Is there a big difference between Counselling & Psychotherapy?
In fact, there is no massive difference; both are “Talking Therapies” or Psychological Therapies”.
What matters to a client in distress is that the trained professional who works with them can listen to their problems and help them find a more suitable way forward. Whether someone is called a Counsellor or a Psychotherapist, or both, they should be able to work with a client on a range of issues, for short-term or long-term work, as needed.
Therapists Do More Than Listening
The “blank screen” cliche where therapists barely engage with clients is another leftover from the early days of psychotherapy.
“Therapy is an interactive process because it is a relationship,”. “In the beginning, I may speak less or ask more questions as I am getting to know my client but as time goes on, I do share my thoughts when it will be helpful.”
But Therapists Don’t Tell You What To Do
They will guide you to solutions they believe are best, but won’t directly suggest things “I cannot make you do anything, nor do I want to do so,” It’s up to clients to apply what they learn during sessions, unless of course we agree that coaching skills are used and are beneficial in our work then it will be more structured.
Counselling /Psychotherapy rarely works
Therapy, like many other forms of helping (medicine, personal training, etc) can help people to a greater or lesser extent depending on many factors – other sources of support, emotional readiness to change, clarity and realism of goals, etc…
The “chemistry” between therapist and client is also be an important factor, so any particular client will find that some therapists will suit them better than others. The working relationship, or “Therapeutic Alliance” seems to be the main thing that gives Counselling /Psychotherapy its value.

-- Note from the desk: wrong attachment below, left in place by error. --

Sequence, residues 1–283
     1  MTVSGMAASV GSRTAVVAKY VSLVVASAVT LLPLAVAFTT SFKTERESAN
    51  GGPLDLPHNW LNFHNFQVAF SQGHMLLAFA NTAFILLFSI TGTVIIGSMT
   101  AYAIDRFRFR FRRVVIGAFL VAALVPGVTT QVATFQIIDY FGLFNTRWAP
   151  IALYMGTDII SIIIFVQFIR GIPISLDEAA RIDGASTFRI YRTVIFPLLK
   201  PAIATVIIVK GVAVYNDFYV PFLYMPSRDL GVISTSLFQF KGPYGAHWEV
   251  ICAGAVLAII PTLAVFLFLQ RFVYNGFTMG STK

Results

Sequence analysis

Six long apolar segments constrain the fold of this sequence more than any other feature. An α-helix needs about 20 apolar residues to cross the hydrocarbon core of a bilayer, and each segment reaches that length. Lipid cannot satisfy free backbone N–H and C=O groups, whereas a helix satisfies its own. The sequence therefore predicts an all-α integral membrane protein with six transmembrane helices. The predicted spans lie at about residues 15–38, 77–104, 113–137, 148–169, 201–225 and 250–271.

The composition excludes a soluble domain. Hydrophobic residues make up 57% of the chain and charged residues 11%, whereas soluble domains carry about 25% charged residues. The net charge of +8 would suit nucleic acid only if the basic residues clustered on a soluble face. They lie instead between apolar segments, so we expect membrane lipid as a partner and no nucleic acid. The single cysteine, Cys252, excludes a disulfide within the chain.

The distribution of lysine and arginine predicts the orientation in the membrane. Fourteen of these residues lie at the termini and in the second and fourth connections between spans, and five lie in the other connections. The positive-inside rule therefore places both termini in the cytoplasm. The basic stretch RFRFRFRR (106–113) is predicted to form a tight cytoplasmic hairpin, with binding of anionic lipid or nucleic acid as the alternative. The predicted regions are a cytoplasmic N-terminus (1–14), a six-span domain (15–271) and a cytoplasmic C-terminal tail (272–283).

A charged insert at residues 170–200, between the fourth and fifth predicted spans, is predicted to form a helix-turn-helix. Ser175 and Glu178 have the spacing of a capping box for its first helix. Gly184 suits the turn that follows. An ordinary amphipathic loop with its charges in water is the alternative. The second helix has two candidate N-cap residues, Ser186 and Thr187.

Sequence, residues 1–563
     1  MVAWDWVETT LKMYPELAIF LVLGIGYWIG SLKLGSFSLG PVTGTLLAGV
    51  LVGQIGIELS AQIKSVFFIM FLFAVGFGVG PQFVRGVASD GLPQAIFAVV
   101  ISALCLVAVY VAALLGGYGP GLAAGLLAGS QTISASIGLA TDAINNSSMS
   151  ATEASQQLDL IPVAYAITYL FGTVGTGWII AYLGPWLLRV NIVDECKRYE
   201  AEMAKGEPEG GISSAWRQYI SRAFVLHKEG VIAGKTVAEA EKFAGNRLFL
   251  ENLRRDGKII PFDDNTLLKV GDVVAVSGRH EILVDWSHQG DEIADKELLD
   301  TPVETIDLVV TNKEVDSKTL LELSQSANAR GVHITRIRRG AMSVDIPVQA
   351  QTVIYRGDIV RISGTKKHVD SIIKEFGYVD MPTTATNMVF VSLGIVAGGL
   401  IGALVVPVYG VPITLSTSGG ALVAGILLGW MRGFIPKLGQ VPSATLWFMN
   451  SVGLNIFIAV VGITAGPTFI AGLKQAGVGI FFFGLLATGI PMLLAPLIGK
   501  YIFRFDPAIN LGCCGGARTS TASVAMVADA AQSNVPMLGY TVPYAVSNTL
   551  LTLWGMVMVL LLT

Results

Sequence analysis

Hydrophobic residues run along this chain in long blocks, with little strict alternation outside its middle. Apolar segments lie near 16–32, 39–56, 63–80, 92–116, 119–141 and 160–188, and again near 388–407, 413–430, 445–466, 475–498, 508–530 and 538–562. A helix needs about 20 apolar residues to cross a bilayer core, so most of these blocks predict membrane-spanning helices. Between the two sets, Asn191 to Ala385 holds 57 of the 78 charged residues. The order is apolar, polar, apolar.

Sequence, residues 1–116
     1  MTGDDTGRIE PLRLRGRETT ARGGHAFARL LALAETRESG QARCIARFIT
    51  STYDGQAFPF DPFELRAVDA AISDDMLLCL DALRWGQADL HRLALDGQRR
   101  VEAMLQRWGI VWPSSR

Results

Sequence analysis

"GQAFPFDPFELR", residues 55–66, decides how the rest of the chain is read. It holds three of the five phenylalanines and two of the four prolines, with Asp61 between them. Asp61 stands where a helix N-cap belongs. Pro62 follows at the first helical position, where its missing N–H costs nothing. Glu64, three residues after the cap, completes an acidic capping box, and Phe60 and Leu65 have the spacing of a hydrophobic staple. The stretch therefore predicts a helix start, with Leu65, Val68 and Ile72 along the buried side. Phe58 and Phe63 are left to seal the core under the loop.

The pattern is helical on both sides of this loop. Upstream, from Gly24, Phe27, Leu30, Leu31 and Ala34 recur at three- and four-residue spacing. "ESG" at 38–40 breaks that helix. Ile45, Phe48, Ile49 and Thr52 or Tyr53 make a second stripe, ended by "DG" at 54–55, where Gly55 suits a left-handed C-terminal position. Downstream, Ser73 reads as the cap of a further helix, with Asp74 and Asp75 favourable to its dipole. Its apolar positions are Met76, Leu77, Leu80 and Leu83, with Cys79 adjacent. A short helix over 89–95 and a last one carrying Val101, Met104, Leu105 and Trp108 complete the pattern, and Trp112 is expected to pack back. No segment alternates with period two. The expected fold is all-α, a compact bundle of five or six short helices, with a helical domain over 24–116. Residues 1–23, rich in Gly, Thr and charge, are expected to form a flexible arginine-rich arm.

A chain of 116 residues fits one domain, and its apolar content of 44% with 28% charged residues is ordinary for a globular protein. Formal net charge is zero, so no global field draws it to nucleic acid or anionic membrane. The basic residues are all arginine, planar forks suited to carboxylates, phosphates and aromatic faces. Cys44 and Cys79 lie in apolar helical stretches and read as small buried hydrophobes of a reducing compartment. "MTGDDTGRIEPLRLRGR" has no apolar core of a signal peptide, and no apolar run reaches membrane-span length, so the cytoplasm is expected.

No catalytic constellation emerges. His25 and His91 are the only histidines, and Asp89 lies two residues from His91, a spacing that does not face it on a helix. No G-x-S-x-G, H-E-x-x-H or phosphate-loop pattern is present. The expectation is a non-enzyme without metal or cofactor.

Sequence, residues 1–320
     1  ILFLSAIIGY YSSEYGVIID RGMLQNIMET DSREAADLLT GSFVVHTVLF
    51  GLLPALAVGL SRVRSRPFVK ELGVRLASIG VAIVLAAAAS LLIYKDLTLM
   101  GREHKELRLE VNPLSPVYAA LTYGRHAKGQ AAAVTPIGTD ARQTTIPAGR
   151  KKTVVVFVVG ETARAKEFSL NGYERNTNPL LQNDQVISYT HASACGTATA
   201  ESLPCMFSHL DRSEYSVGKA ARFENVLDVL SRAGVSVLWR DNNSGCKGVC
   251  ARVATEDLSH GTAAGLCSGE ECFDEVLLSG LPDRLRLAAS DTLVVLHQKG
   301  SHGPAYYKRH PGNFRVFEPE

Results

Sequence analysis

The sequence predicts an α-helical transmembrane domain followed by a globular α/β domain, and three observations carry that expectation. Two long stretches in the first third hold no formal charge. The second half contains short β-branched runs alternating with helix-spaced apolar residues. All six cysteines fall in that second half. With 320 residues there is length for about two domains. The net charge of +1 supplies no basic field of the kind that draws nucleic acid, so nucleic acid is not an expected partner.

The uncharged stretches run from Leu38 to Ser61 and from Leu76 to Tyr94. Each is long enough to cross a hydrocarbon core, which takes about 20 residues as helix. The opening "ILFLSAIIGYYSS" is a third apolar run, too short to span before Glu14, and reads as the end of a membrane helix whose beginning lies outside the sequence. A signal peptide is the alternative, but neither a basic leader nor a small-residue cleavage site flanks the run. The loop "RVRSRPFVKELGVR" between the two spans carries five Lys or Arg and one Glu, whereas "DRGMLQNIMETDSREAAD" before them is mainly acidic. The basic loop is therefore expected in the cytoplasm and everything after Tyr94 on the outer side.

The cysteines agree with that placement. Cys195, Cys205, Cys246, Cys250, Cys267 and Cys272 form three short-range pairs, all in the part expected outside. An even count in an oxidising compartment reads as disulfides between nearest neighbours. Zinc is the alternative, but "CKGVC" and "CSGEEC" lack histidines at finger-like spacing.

Counselling /Psychotherapy should always take a long time
Only psychiatrists and psychologists can do Counselling /Psychotherapy
Either of these professional groups can provide Counselling /Psychotherapy if they are qualified to do so (however some aren’t).
Psychiatrists are medical doctors who have specialised in the area of Mental Health. Their primary role is still to prescribe medication, though most have some training in Counselling/Psychotherapy.
Psychologists work in a variety of areas, as educational psychologists, research psychologists, forensic psychologists, etc. Some specialise as Clinical Psychologists, in which case they are likely to work with some Mental Health issues.
Some specialise as Counselling Psychologists, in which case they do the same work as Counsellors/Psychotherapists, in other words “Talking Therapy”.
Most people who describe themselves as Counsellors and/or Psychotherapists do not come from any of these related professional backgrounds (though some may). They are trained from scratch in the profession of Counselling & Psychotherapy.
Only one kind of Counselling /Psychotherapy works (Psychodynamic, CBT etc)
Counselling /Psychotherapy is still developing as a profession, and there are still a variety of approaches and theories. These will gradually become more and more integrated with each other – in the meantime, many Counsellors /Psychotherapists work in an “eclectic” way, using the best from different approaches depending on the client’s issues.
Counsellors/Psychotherapists have their own lives all worked out
Therapists can sometimes be seen that way, and might even believe it themselves sometimes, but it is definitely a myth!
Clients always become over-dependent on their Counsellors/Psychotherapists
Clients rarely become over-dependent on their Counsellors/Psychotherapists
It’s a risk, as with any situation where someone is helping someone else who is vulnerable, but it’s definitely not the norm, and a well-trained therapist will be able to handle it sensitively.